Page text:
There are approximately 7,000 rare diseases affecting an estimated 30 million people in the United States. Many
of these diseases are serious or life-threatening and it is estimated that half affect children. Unfortunately, most rare diseases still do not have approved therapies. In 2018 we saw a record number of novel drugs and biologics approved for rare diseases. In particular, there were 35 novel drugs and biologics approved in 2018 with orphan drug designation. This is the highest number since the passage of the Orphan Drug Act in 1983.
These approvals included drugs and biologics utilizing programs to facilitate and expedite development and review of medical products to address unmet medical need. Among the many new orphan therapies in 2018, the FDA approved the first drug to treat patients with a rare, inherited form of rickets, and the first orally-administered drug to treat Fabry disease. The FDA also approved a new biologic for patients when reversal of anticoagulation is needed due to life-threatening or uncontrolled bleeding.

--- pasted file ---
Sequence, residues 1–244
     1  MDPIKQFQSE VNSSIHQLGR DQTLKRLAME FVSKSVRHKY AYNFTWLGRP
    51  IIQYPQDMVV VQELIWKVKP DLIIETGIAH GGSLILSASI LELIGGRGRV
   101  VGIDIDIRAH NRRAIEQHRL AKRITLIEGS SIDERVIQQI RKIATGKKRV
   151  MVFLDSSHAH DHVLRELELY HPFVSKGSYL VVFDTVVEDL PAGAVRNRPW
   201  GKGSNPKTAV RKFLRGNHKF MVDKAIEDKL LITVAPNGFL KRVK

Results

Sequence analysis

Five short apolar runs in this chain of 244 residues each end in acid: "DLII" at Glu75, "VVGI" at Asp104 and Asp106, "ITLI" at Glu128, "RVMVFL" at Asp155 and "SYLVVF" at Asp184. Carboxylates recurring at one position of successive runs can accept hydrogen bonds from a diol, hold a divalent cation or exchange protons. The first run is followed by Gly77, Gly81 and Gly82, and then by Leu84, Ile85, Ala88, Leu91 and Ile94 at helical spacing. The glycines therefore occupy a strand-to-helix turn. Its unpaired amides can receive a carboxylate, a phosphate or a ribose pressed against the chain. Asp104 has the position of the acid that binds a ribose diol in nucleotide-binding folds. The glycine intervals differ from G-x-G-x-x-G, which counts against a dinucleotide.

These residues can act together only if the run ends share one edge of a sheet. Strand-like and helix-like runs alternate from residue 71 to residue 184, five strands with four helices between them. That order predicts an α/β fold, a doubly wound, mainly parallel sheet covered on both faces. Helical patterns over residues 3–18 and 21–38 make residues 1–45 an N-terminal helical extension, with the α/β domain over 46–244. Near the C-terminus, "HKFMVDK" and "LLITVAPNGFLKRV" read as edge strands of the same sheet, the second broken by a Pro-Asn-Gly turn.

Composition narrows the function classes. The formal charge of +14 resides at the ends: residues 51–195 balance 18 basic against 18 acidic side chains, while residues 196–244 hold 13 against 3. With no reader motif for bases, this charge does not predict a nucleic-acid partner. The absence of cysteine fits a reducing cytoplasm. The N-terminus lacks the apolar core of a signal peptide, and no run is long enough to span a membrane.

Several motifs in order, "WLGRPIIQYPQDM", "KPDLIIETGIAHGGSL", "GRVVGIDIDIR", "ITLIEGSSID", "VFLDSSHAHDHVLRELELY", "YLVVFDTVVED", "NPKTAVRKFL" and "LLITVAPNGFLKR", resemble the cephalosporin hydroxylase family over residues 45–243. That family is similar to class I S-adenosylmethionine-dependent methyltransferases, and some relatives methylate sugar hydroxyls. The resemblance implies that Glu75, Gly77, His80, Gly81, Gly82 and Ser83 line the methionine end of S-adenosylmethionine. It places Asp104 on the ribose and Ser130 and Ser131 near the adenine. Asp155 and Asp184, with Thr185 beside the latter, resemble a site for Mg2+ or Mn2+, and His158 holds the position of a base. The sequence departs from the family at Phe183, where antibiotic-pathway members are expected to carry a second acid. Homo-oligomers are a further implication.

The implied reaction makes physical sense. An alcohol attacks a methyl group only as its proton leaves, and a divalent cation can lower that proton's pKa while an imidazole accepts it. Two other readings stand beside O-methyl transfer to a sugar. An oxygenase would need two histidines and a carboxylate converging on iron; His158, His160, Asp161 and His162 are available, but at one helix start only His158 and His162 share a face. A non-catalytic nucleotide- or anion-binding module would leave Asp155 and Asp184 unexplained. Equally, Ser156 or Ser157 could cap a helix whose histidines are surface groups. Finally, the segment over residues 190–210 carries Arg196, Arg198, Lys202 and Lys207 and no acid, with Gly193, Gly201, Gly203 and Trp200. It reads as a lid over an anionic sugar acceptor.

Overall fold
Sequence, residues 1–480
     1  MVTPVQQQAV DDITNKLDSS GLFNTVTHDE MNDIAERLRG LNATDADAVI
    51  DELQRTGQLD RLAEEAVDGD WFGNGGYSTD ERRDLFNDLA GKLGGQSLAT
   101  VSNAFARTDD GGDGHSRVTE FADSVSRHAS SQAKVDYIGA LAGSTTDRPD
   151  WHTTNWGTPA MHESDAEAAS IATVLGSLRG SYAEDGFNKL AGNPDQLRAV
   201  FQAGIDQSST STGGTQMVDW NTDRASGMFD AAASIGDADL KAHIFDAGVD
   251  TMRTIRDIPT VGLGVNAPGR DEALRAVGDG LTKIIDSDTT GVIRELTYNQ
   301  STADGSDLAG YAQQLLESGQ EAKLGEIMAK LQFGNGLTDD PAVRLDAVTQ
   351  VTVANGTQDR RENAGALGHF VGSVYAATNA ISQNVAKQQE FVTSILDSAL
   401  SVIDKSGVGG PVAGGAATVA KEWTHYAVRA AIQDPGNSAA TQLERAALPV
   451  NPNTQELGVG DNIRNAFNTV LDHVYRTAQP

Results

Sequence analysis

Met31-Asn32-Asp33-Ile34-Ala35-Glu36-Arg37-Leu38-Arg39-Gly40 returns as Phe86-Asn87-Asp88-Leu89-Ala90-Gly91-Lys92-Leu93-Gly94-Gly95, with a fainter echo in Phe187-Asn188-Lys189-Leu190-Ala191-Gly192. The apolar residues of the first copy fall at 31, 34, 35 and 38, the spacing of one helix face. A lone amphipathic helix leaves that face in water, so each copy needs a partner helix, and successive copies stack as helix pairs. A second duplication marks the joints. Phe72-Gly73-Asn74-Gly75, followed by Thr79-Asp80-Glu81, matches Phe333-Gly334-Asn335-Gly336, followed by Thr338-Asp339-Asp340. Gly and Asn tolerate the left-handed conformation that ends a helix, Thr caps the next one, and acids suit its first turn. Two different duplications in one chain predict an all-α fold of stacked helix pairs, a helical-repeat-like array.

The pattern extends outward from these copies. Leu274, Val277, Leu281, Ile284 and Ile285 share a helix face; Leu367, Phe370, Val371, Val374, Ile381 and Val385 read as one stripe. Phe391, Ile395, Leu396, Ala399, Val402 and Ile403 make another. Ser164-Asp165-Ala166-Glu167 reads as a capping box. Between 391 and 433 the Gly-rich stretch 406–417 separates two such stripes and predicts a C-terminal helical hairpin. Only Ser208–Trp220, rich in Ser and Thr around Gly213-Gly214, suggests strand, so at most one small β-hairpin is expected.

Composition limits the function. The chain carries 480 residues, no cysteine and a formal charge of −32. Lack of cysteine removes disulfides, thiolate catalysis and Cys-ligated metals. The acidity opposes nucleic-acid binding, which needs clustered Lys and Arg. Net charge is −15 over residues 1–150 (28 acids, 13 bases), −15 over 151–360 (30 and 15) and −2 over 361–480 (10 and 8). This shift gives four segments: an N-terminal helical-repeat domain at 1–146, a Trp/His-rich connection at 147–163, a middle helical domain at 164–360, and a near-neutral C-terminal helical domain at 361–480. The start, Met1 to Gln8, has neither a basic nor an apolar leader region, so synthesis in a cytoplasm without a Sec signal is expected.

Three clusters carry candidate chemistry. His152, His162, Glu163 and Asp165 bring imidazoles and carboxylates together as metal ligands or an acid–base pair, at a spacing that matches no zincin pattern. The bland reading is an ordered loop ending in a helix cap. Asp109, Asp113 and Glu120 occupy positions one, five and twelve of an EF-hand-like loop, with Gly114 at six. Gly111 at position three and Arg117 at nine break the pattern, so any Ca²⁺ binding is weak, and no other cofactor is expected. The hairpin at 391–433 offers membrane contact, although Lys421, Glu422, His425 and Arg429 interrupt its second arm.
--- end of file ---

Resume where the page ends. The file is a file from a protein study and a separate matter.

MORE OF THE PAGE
The FDA will host a public meeting on April 29, 2019: ”Patient Perspectives of the Impact of Rare Diseases: Bridging the Commonalities.” This provides the opportunity to hear patients’ and caregivers’ perspectives on how rare diseases impact their daily lives and to assess commonalities that may help the Agency and medical product developers further understand and advance the development of treatments for rare diseases. While the differences between rare diseases are critically important, it is also important to assess commonalities to synergize product development in rare diseases.
Additionally the grant review process will be enhanced by providing grant reviewers with patient perspectives gleaned from listening sessions with patients about rare diseases. These enhancements will build on new priorities in grant review. Specifically, to address the unmet needs for rare diseases, the Office of Orphan Products has made meaningful changes to both funding focus and review process for the Clinical Trial and Natural History grants programs. They are focusing on studies of rare diseases with unmet needs that use efficient and innovative trial designs, such as adaptive and seamless trial designs, use of modeling and simulations, incorporation of real world data, and basket and umbrella trials studying multiple rare diseases/products. Applicants are asked to incorporate patient input into their research proposals.
Reprint by permission of FDA (Online Public Domain); Image courtesy of PixaBay Free License CC0
Got Questions? We have Answers! Contact us at CriteriumBlog@criteriuminc.com